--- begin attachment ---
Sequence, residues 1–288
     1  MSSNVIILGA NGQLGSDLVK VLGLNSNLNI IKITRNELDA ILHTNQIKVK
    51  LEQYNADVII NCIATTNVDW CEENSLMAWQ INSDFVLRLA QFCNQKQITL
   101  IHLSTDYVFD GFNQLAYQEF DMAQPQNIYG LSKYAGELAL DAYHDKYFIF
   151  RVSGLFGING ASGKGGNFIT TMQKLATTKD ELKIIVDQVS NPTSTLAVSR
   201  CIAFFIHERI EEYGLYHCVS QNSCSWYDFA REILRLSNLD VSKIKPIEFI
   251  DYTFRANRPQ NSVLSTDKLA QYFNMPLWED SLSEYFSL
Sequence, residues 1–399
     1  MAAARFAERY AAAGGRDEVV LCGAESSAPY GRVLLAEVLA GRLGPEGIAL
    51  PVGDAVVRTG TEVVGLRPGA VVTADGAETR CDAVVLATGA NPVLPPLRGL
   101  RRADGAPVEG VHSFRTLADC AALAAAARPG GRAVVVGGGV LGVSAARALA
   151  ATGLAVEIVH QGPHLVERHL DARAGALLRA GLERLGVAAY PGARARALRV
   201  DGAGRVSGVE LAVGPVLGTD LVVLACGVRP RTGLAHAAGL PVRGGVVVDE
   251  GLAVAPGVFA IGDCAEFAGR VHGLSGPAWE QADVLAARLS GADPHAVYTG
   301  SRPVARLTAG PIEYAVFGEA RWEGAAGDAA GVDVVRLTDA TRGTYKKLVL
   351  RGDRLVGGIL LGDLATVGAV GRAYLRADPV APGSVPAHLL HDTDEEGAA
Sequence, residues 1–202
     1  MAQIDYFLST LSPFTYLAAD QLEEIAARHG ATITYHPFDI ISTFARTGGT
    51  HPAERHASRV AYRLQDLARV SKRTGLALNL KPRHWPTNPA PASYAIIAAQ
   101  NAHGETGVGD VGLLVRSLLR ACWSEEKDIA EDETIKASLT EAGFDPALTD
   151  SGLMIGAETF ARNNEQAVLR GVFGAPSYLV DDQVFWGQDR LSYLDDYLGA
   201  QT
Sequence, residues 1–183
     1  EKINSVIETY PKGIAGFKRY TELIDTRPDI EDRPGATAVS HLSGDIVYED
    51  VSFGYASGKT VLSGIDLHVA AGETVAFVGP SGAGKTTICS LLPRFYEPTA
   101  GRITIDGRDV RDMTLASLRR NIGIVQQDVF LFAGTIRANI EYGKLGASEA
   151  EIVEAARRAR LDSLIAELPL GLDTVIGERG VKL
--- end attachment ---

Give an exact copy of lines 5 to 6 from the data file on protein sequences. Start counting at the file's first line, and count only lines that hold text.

   151  RVSGLFGING ASGKGGNFIT TMQKLATTKD ELKIIVDQVS NPTSTLAVSR
   201  CIAFFIHERI EEYGLYHCVS QNSCSWYDFA REILRLSNLD VSKIKPIEFI